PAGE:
An Overview Of
Common Surface Lures
Craig Sandell © 2012
Musky action on a surface lure is probably the most exciting experience that a
Muskie Angler can have. Surface lures come in many designs. This article will focus upon
the four basic configurations with some insight as to when and how to use them.
The globe has been around for quite some time and has proven to be one of the most
consistent producers of Muskie. The globe has a rotating head and may have the blade
attached to the head. Most globes are 8 inches in length and have one hook in the body
area and another at the rear. The globe, like all surface lures, is meant to emulate a
small animal swimming. Ideally, the action should leave the Muskie with the impression
that the swimming animal is weak or injured. A good globe will provide action in all
weather and water conditions and is effective when used in depths from 15 feet to 2 feet.
When it comes to color, there is and old Muskie saying: "Any color is good as long as
it is black." Lure color is a personal preference. Use the color in which you have
Look At The Best American Globe
The wobbler type surface lure is a relative new comer to the surface lure arsenal. It has
proven to be a very very effective surface lure that will provoke a violent Muskie attack.
Its action in the water is as its name implies. Its jointed body rocks from side to
as it clicks and gurgles through the water. It does not do well in heavy weather. It seems
to have the best action when the water is calm to just a slight ripple. Retrieve this lure
slowly using a 7 inch solid wire leader without a swivel. This will allow you to feel the
lure action as you retrieve it. Use it in depths from 15 feet to 2 feet.
The creeper is an excellent early morning and late evening lure. It has a side to side
action apparently swimming its way through the water. The arms create a distinctive sound
as they plop against the surface of the water. You can use the creeper in calm to light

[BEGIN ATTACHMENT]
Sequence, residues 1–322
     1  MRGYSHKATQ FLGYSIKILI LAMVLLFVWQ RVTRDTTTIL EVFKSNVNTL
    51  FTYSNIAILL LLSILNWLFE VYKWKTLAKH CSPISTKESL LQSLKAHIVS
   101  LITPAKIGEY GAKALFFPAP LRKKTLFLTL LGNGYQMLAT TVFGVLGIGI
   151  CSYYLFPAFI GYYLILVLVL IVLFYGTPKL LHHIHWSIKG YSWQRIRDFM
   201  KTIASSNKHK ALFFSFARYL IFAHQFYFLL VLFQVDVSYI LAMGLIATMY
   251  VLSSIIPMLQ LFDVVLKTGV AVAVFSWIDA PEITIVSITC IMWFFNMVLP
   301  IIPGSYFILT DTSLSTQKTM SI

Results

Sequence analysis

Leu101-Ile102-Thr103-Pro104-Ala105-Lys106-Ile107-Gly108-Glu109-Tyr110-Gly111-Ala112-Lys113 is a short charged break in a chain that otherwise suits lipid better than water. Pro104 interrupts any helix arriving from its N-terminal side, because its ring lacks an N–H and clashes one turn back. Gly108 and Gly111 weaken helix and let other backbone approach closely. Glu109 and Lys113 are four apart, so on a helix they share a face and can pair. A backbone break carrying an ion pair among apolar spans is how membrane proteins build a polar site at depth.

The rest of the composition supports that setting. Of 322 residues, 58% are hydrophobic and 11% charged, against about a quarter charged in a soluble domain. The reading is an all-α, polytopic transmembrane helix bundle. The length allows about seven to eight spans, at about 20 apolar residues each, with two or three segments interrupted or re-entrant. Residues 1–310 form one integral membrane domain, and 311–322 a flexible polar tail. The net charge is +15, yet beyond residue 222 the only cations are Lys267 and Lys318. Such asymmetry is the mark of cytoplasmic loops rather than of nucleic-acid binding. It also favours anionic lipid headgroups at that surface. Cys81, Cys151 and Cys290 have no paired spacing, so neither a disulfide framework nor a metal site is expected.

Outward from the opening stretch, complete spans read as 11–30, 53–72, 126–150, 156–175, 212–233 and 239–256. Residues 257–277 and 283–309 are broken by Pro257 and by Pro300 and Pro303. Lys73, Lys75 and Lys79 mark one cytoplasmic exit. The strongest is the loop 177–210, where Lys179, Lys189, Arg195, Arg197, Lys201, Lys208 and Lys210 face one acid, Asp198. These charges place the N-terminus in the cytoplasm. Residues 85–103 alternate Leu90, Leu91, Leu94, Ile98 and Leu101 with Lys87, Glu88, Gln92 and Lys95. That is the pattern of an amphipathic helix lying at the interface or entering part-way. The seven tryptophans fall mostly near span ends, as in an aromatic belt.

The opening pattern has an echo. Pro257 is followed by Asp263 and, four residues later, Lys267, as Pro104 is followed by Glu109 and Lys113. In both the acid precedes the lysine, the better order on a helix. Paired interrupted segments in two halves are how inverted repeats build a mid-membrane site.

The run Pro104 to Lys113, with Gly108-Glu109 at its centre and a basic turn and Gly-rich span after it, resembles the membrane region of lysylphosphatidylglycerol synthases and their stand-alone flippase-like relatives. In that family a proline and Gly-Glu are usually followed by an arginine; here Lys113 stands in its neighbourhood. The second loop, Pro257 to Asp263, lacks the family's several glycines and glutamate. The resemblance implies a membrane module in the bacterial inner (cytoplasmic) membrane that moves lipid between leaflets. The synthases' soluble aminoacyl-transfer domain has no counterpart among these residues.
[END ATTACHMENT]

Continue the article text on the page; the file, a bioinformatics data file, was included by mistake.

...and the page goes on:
chop. Use a 7 inch solid wire leader without a swivel. The creeper is very effective but
it is also very cantankerous. It is not the type of lure that can typically be used right
out of the package. Make sure that you try some practice casts from the dock to be sure
that the lure will not disappoint you when you get to your prime Muskie locations. The
arms can be detuned by a violent Muskie encounter. Once detuned, you may have a tough time
retuning the lure to its original performance. This is a slow retrieve type lure and is
not for the impatient angler.
The Crawler is a hybrid between the
old crazy crawler and a creeper. The advantage that the crawler has over the
crazy crawler and the creeper is its consistent action regardless of the the
speed of the retrieve.
At slow retrieves, the crawler makes the
characteristic low plop for which a creeper is famous. At faster retrieves,
the crawler will continue to make that creeper sound while the creeper and
the crazy crawler will roll in the water and stop working.
This is the only surface lure of this
configuration today that provides this type of consistent Musky catching
Look At The Best American
As with the globe, the topper has been around for a long time and has produced many a
Muskie. The topper will work in all weather and water conditions and is especially
effective in high choppy conditions. You can use this lure in depths from 25 feet to 2
feet. This lure is effective at a variety of retrieve speeds and can allow the lone Muskie
Angler to cover a large area of water in a relatively short period of time. The topper
shown here is a "Sneaky Joe" and is generally not available for purchase.
Popular topper type lure such as the Topper Stopper, and Too Ton are available in catalogs
and tackle shops. As topper lures go, bigger lures are not necessarily better. The
"Surf-O-Reno" is a small lure by Muskie fishing standards but is generally
considered to be an effective topper type lure.
Look At The Best American Topper
The surface lures depicted here are not offered as a recommendation.
In deed, there are many different configurations and variations of these lures in varying
sizes and colors and at varying prices. If you are new to Muskie fishing, I suggest that
you start out with a good globe, a topper, a creeper and a wobbler. Get to know these
lures, especially the globe and the wobbler. All of the other surface lures available
today have their retrieve action based upon the retrieve speed of these lures. Globes and
toppers are available through catalogs and from tackle shops. The most common price range
for these lures starts at $12.00 and goes to $25.00. There are some lures that are as high
as $32.00. You will have to decide whether those types of prices are reasonable
for the lure quality you are getting and the fish catching potential. Personally, I consider
over $23.00 a bit over priced.